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Garrison's Finish : a romance of the race course eBook

This eBook from the Gutenberg Project consists of approximately 137 pages of information about Garrison's Finish .

The world had not forgotten.  They remembered The Rogue’s last race.  They remembered Garrison’s last race.  The wise ones said that The Rogue could not possibly win.  This time there could be no fluke, for the great Red McGloin was up on the favorite.  The Rogue would be shown in his true colors—­a second-rater.

Speculation was rife.  This Carter Handicap presented many, many features that kept the crowd at fever-heat.  Garrison had come back.  Garrison had been reinstated.  Garrison was up on a mount he had been accused of permitting to win last year.  Those who wield the muck-rake for the sake of general filth, not in the name of justice, shook their heads and lifted high hands to Heaven.  It looked bad.  Why should Garrison be riding for Colonel Desha?  Why had Jimmie Drake transferred him at the eleventh hour?  Why had Drake scratched Speedaway?  Why had Major Calvert scratched Dixie?  The latter was an outsider, but they had heard great things of her.

“Cooked,” said the muck-rakers wisely, and, thinking it was a show-down for the favorite, stacked every cent they had on Swallow.  No long shots for them.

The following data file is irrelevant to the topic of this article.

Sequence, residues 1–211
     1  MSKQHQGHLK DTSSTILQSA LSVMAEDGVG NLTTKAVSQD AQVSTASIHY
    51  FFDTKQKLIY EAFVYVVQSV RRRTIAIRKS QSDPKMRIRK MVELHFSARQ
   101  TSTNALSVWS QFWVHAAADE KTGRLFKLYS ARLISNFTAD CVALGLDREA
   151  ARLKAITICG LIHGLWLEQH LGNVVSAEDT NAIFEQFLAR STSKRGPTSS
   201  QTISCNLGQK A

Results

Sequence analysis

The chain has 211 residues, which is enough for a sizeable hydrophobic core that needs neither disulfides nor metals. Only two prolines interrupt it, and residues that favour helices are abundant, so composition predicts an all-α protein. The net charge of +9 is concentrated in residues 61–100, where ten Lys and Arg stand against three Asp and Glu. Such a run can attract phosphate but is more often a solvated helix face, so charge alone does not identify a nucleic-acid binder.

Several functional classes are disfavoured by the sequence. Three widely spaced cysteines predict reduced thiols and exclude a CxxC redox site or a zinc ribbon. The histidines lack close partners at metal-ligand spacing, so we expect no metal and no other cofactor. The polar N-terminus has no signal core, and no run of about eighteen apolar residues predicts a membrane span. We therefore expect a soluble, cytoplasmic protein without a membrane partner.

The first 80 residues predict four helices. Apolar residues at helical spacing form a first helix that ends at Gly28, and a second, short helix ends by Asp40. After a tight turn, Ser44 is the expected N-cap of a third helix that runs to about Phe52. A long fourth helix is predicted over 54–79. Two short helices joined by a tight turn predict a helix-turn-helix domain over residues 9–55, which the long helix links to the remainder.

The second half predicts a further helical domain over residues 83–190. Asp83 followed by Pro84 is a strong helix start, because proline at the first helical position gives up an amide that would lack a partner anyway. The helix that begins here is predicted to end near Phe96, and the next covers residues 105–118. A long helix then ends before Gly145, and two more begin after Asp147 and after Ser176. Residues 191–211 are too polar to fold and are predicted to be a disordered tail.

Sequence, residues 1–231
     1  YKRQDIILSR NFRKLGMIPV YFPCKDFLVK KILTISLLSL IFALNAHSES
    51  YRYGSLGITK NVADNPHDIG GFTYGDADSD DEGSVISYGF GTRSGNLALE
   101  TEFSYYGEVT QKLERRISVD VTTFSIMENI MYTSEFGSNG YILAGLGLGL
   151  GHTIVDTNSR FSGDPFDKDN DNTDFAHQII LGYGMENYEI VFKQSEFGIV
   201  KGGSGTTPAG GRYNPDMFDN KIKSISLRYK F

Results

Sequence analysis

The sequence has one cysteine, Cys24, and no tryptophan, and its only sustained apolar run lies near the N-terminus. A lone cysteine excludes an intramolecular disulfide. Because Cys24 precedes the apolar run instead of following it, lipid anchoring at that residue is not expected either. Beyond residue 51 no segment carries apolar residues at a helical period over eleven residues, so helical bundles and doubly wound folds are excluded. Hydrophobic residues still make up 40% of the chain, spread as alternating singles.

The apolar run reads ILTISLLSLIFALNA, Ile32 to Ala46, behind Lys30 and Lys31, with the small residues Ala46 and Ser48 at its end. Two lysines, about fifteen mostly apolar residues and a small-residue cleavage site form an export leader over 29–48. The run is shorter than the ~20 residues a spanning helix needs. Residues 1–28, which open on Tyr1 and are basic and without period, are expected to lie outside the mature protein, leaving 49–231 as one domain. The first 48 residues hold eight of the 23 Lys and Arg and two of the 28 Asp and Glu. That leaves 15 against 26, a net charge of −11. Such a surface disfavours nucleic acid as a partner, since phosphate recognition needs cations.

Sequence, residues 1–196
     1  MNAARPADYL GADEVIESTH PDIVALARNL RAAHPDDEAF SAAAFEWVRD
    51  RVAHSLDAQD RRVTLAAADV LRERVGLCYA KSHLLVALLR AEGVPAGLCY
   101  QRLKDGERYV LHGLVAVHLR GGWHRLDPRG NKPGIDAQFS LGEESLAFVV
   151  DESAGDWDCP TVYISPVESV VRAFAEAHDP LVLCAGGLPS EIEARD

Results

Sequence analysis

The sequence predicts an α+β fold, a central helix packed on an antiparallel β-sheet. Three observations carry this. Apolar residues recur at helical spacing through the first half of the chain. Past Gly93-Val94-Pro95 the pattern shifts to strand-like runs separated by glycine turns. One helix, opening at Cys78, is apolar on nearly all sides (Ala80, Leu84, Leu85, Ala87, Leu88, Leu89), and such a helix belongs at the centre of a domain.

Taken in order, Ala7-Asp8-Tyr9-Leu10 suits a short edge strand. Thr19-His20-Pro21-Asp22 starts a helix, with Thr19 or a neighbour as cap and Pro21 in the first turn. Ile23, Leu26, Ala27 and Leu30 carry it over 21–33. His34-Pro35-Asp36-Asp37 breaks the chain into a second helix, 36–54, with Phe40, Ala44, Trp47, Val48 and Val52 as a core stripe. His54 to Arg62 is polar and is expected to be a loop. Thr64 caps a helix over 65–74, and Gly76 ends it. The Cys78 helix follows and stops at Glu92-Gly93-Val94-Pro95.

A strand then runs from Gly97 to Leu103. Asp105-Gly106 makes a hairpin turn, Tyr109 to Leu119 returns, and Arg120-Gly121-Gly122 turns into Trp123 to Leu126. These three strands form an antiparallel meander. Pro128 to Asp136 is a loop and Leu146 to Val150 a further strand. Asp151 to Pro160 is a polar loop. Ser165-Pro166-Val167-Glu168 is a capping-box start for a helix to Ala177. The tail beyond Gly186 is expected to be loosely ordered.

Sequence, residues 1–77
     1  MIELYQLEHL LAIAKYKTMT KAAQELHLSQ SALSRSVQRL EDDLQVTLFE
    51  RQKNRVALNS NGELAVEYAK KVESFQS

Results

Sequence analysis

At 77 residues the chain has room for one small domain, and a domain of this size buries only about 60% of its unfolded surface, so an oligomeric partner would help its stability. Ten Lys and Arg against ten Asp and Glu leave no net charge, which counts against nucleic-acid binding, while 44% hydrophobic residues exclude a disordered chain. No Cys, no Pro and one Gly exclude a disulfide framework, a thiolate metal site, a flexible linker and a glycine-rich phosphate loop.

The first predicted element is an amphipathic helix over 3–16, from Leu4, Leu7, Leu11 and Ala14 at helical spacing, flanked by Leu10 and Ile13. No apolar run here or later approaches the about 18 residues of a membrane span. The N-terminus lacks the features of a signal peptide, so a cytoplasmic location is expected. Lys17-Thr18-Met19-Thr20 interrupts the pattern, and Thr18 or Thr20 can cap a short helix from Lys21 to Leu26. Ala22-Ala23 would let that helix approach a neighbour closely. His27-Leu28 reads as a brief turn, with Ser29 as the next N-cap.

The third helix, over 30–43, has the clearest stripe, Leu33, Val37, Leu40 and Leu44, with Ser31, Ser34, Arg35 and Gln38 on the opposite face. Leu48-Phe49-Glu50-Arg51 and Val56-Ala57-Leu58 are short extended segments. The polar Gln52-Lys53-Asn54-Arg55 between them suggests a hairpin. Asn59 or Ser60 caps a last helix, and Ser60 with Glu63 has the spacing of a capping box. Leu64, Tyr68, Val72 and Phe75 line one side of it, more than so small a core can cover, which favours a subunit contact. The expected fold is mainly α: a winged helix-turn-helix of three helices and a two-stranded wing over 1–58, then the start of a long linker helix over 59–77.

And some there were who cursed Drake and Major Calvert; cursed long and intelligently—­those who had bet on Speedaway and Dixie, bet on the play-or-pay basis, and now that the mounts were scratched, they had been bitten.  It was entirely wrong to tempt Fortune, and then have her turn on you.  She should always be down on the “other fellow”—­not you.

And then there were those, and many, who did not question, who were glad to know that Garrison had come back on any terms.  They had liked him for himself.  They were the weak-kneed variety who are stanch in prosperity; who go with the world; coincide with the world’s verdict.  The world had said Garrison was crooked.  If they had not agreed, they had not denied.  If Garrison now had been reinstated, then the world said he was honest.  They agreed now—­loudly; adding the old shibboleth of the moral coward:  “I told you so.”  But still they doubted that he had “come back.”  A has-been can never come back.

The conservative element backed Morgan’s Swallow.  Red McGloin was up, and he was proven class.  He had stepped into Garrison’s niche of fame.  He was the popular idol now.  And, as Garrison had once warned him, he was already beginning to pay the price.  The philosophy of the exercise boy had changed to the philosophy of the idol; the idol who cannot be pulled down.  And he had suffered.  He had gone through part of what Garrison had gone through, but he also had experienced what the latter’s inherent cleanliness had kept him from.

Temptation had come Red’s way; come strong without reservation.  Red, with the hunger of the long-denied, with the unrestricted appetite of the intellectually low, had not discriminated.  And he had suffered.  His trainer had watched him carefully, but youth must have its fling, and youth had flung farther than watching wisdom reckoned.

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